LIVE: Boz Scaggs @ The Egg, 11/13/15

December 1st, 2015, 3:00 pm by Greg

Review by Steven Stock

William Royce Scaggs – you can call him Boz – and his seven-piece backing ensemble took a while to build a full head of steam at The Egg on a recent Friday night. Opening with “Runnin’ Blue” from 1971’s Boz Scaggs & Band, the 71-year-old singer-guitarist performed a generous career-spanning overview that effectively mixed the hits you’d expect (notably “Lowdown” and “Lido Shuffle”), lesser-known album tracks and some intriguing cover versions.

Mink DeVille’s “Mixed Up Shook Up Girl” and the gutbucket country blues of Li’l Millet & His Creoles’ “Rich Woman” were both delivered with verve, but their placement so early in the set seemed to perplex some in the almost-filled Hart Theatre (Scaggs had sold out the joint only fifteen months ago). After that, the show gained momentum, helped first by a terse, understated yet very tasty blues guitar solo during “Some Change” and then by a beautifully-orchestrated version of the moody ballad “Harbor Lights.” Michael Logan’s Fender Rhodes meshed perfectly with Michael Logan Jr.’s shimmering percussion on this Silk Degrees track.

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Next up was another cut from 1976’s Silk Degrees, “Georgia.” Perhaps some readers are too young to recall this album’s phenomenal success. Featuring three musicians who subsequently formed the core of Toto, Silk Degrees climbed to the second spot on the US album charts, stayed on the charts for 115 weeks and eventually sold over five million copies, transforming Scaggs from a journeyman into a pop superstar. While “Georgia” wasn’t one of the album’s three singles, it became an FM radio staple and remains a crowd-pleaser in live performance.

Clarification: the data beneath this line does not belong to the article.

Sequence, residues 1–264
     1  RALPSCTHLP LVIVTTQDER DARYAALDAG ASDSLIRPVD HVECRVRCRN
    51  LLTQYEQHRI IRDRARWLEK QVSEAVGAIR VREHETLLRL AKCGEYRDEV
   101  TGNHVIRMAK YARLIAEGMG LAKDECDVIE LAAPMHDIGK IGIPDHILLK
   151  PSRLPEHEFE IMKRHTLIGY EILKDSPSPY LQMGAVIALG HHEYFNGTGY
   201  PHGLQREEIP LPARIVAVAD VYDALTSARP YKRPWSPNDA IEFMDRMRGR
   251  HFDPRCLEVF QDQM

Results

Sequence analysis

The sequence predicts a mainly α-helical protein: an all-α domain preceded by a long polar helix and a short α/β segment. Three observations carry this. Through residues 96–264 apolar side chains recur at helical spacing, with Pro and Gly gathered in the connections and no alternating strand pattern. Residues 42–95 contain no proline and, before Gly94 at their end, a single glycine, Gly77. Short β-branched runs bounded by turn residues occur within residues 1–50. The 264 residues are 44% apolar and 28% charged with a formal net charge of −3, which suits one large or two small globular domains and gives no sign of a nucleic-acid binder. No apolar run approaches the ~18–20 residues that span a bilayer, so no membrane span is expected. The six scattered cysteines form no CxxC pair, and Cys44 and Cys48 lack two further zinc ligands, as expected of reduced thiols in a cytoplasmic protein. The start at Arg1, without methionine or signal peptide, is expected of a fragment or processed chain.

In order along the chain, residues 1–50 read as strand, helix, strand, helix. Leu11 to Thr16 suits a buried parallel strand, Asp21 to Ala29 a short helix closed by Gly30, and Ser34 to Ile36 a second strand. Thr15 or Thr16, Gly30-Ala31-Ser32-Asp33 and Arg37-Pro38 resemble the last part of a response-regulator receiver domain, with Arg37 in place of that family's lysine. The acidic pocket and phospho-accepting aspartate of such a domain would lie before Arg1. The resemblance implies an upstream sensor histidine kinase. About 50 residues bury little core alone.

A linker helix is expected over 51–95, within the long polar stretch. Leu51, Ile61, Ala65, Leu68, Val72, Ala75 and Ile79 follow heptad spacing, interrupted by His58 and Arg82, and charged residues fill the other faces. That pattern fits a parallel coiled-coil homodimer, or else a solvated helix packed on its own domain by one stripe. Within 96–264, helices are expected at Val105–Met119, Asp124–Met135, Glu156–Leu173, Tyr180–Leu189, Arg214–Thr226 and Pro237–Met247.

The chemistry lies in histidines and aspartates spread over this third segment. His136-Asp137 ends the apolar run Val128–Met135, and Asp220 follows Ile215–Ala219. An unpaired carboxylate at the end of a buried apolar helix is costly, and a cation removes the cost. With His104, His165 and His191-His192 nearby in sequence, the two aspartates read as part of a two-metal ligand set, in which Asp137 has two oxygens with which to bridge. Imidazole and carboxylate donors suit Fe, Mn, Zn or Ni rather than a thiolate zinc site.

Scaggs warned the audience to “buckle up your seat belts” before turning lead vocal duties over to Conesha Owens (aka Ms. Monet), whose sassy version of Aretha Franklin’s “Until You Come Back to Me” earned the evening’s first standing ovation. Alas, just as things were getting great Scaggs and crew derailed the festivities with the morose cliché-riddled power ballad “Look What You’ve Done to Me,” a god-awful hit from 1980’s “Urban Cowboy” soundtrack. Yuck!

A slinky sexy version of “Lowdown” got the show back on track, enlivened by more delicious Fender Rhodes and a brash solo from second guitarist Michael Miller, and for the rest of the evening Scaggs and band were virtually unstoppable. The infectious “Lido Shuffle” had nearly everyone either clapping or singing along and, of course, ensured that we’d demand an encore.

“I was looking for material,” recounted Scaggs, “and my son asked me to listen to some songs by a British artist who I’d never heard of. His name is Richard Hawley. I listened to a song, and I was really quite taken by him. I listened to one after another. I just really was taken by having discovered a new voice, a new artist, new words – I felt like I could’ve done a whole album of just his material.” “There’s a Storm a Comin’” indeed proved to be a beautiful composition, and bassist-musical director Bishop Patterson’s arrangement showed the band’s ample talent to full advantage.

“What Can I Say,” a lightweight R&B workout, revisited the halcyon days of Silk Degrees one last time. A lengthy version of Fenton Robinson’s “Loan Me a Dime,” a twelve-bar blues from Scaggs’ self-titled second album (#496 on Rolling Stone’s 2012 list of the Top 500 albums), definitely merited demand for another encore, despite the absence of Duane Allman’s slide guitar on this rendition. “Well, this is fun!,” commented Scaggs before ripping into the Chris Kenner-by-way-of-Fats Domino New Orleans nugget “Sick & Tired.” Finally, nearly two hours after he’d started, Scaggs sent us home with “Last Tango on 16th Street,” a track written by his San Francisco Mission District neighbor Jack Walroth that featured a gorgeous melodica solo from Eric Preston.

SECOND OPINIONS:
Excerpt from David Singer’s review at The Daily Gazette: “The 71-year-old appears in great shape, thin and refined. The ultra-cool ‘Low Down’ came toward the end of the show. How did such a subtle, stylish tune make it so big? The band delivered all the good parts: the funky bass line, the tinny-sounding hi-hat groove, the hipster synth riff that sounds like a flute. The poor guy has probably played ‘Lido Shuffle’ at every one of his shows since 1976. It’s a fun song, and it came with good energy Friday night, but it felt a bit like a cliché. Songs like that make a career, and he knows not to look a gift-horse in the mouth. He brought out a guest to sing ‘Until You Come Back to Me (That’s What I’m Gonna Do),’ made famous by Aretha Franklin. She was a shouter, was too much volume for the band, and the song wasn’t necessary, but it gave Scaggs a brief break before heading into the final stretch of the show.”